A film about Northwest hip-hop from

Top 10 Songs

Throughout the ’90s, writer Novocaine132 extensively covered the Seattle hip-hop scene. You’ll find his byline on feature stories and record reviews in both The Rocket and The Stranger, and he contributed to the marketing of several Tribal and Loosegroove releases, too.

Over the past few years, he’s been posting a series on YouTube called Top 10 Songs where he digs deep into the work of a particular Seattle rap legend, surfacing the not-to-be-missed songs from their catalogs. Whether or not you agree with the specific choices, each video provides a great overview of each artist’s career and there are lots of audio samples so you can hear what each song sounds like.

He adds, “The project began in 2017 when I heard that Wordsayer had passed away. At the time I was retired from music and print journalism, and I was concentrating my efforts on documentary filmmaking. When Jon died it hit me very hard, and I had to evaluate my life and my work. He and I were good friends in the 1990s, and he inspired much of my work in the area of hip-hop writing. I made a Top 10 Songs video of Source Of Labor at the end of 2017 to help deal with the pain of losing Wordsayer. Then in 2018, I made one for Ghetto Chilldren, and it started to become a series. I named my enterprise “Overstanding Seattle” to give tribute and honor to Jonathan Moore, one of the most truly amazing musicians I have ever known.”

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A film about Northwest hip-hop from

50 Next: Seattle Hip-Hop Worldwide

50 Next: Seattle Hip-Hop Worldwide drops you into a literal roundtable conversation between Town legends old and young. James Croone of The Emerald Street Boys tells the story of discovering how “poetry on top of music” could carry a message. Spyc-E shares how she first learned to write rap verses, at age 11, and is kindly teased by the group into performing her first-ever childhood rhymes. Later, Khingz thanks Vitamin D for mentoring him early in his career, and for how it helped him achieve his own success. This half-hour documentary captures several charming, rambling discussions about the long history of Northwest rap. The whole thing is a delight.

Eazeman from ’90s group L.S.R. reflects on how major-label rejection shaped the scene early, saying “If you don’t want to show us for who we really are, then we don’t need you. We’re going to make our own party.” Rapper Candidit adds, “Don’t come if you’re not prepared.”

The group passionately rails against the evils of what they describe as “capitalist hip-hop,” which divides communities and makes local artists into commodities to be bought and sold. There’s a need today for more love and mutual respect and not so much focus on money and fame and numbers. Instead, they explain how everyone making art in the Northwest has a responsibility to fight back against the mainstream, “intended to pacify society” adds CPS da Scientist. Rapper DICE encourages artists to follow their imagination, saying “who cares what is new and cool now. Figure out what it’s going to be cool next, and then be the first to do it.”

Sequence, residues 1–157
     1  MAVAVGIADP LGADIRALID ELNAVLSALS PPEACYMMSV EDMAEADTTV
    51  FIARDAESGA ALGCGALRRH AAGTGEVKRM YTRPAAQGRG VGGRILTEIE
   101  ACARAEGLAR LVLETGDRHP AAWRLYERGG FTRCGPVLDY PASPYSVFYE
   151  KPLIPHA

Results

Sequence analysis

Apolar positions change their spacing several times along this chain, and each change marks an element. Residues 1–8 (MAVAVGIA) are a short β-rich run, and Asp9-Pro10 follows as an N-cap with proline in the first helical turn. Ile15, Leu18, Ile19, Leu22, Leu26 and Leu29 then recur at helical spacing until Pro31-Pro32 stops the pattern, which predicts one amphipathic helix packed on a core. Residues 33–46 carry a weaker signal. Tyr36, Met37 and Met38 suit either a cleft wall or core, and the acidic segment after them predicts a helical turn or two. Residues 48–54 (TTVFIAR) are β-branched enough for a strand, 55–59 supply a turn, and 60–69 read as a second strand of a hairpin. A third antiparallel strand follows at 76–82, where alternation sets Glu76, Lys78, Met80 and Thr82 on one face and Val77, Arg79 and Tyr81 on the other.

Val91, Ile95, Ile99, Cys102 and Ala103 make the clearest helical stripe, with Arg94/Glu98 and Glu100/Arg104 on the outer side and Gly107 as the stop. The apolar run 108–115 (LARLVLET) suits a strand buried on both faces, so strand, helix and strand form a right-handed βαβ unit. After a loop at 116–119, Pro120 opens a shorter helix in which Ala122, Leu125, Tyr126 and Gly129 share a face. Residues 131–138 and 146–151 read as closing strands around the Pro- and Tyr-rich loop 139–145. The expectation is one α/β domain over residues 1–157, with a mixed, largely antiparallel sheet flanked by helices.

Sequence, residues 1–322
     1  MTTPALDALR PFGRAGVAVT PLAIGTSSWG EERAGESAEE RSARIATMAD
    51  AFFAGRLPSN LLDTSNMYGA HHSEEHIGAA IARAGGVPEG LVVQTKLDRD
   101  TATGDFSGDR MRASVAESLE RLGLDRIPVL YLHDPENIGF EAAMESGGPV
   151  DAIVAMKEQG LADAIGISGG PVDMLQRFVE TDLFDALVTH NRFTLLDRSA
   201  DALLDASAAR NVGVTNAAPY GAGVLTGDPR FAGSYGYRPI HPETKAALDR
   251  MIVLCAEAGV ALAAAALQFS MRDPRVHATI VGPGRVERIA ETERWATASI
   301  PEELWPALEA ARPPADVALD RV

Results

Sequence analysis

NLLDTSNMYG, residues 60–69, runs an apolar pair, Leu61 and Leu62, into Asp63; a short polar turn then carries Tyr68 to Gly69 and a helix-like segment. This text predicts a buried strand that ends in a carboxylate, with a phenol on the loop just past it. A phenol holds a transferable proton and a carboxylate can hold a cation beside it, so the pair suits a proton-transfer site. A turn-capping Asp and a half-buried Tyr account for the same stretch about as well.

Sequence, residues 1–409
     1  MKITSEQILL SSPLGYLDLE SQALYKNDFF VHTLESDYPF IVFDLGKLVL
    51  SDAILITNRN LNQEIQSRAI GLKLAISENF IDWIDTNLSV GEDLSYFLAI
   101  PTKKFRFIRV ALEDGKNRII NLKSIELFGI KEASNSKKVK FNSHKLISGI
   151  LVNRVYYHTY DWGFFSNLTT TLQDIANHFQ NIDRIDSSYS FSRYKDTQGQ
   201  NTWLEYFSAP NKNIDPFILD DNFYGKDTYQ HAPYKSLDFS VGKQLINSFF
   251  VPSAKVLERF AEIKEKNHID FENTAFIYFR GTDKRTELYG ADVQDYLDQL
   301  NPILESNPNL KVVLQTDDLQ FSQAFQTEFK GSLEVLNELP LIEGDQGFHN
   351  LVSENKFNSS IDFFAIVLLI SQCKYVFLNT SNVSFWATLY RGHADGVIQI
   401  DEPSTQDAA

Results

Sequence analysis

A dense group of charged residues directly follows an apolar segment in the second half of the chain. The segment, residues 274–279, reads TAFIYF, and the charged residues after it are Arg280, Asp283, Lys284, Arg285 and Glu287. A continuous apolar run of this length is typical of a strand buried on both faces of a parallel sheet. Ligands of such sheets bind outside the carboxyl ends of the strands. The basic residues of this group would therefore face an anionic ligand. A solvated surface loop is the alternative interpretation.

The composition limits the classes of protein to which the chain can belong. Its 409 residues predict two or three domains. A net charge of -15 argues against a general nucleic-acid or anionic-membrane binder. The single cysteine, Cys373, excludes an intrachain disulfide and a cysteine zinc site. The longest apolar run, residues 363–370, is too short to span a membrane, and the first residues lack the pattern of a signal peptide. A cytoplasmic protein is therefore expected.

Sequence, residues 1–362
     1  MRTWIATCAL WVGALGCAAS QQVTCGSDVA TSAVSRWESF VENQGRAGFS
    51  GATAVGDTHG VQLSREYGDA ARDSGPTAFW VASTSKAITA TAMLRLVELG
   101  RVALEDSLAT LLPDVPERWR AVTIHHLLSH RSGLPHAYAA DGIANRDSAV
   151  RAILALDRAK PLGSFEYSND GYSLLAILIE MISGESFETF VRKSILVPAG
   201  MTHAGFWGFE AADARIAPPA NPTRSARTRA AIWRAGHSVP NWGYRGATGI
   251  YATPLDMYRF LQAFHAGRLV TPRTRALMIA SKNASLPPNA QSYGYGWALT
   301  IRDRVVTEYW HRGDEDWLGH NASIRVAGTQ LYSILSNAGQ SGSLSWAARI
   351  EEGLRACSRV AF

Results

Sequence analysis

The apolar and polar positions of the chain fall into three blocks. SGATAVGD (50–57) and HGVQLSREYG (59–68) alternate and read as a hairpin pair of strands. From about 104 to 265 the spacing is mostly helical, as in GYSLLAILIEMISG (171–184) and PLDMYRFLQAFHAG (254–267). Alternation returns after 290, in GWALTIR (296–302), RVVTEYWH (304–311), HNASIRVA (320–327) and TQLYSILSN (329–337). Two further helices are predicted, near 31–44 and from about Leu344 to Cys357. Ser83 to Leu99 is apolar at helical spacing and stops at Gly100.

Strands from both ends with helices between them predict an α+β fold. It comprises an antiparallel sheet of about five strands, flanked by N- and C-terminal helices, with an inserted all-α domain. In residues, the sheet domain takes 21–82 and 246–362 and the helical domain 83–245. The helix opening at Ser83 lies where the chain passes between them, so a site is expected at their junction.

50 Next was released as part of a larger online interactive experience by Aaron Walker-Loud and Avi Loud, “a multi-media time capsule of what was, what is, and what’s next…” The whole project is still online and is viewable here.

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A film about Northwest hip-hop from

As Far As Eye Can See

One of the earliest modern usages of the word ‘woke’ came in a 1962 New York Times article titled “Phrases And Words You Might Hear Today In Harlem.” Now in 2021, the word has developed to mean essentially alertness to racial or social injustice.

In 1994 Seattle poet and rap artist Spyc-E released her first album titled As Far As Eye Can See. This album is a collection of the most woke ideas from across the spectrum. It succeeds as a proto-dissertation on gender studies, power dynamics, racial hegemony, and a host of other issues. Spyc-E was very young when she put this album together, and she displays a student’s curiosity for history and explanations.

As Far As Eye Can See is a groundbreaking work of intersectional art, and Spyc-E candidly raps about her experience as a woman, a person of color, a revolutionary, a hip-hop artist, and a multitude of others. Tracks from talented producers Greg Fields and Cydney Johnson perfectly accentuate her lyrics, and together the crew came up with a rap sound that was new to Seattle.

Spyc-E raps in a hurry-up-slow-down cycle, suddenly blasting words at a million miles per hour, and then pausing with barely a whisper, before rapping some more. Words pile up, tied with strings in express mail bundles. The density of this release cannot be overstated. One primary lyrical topic here is how the the horrors of the Middle Passage created a stamp on America that generations since the Civil War have struggled to erode. She wants people to take power over their destinies by knowing who they are inside. Her vocal dexterity could easily be compared to the legendary E-40, whose dips and dives make his raps so much more layered with emphasis. Many of the tracks on As Far As Eye Can See take a big-picture look at social and political issues from 30,000 feet. In “And We Mad” she prophetically raps, “dissatisfaction leads to social action,” and we just have to look at the unrest in 2020 to see that this is true. This release should be considered among the top hip-hop albums in 1990’s Seattle. (Written by Novocaine132.)

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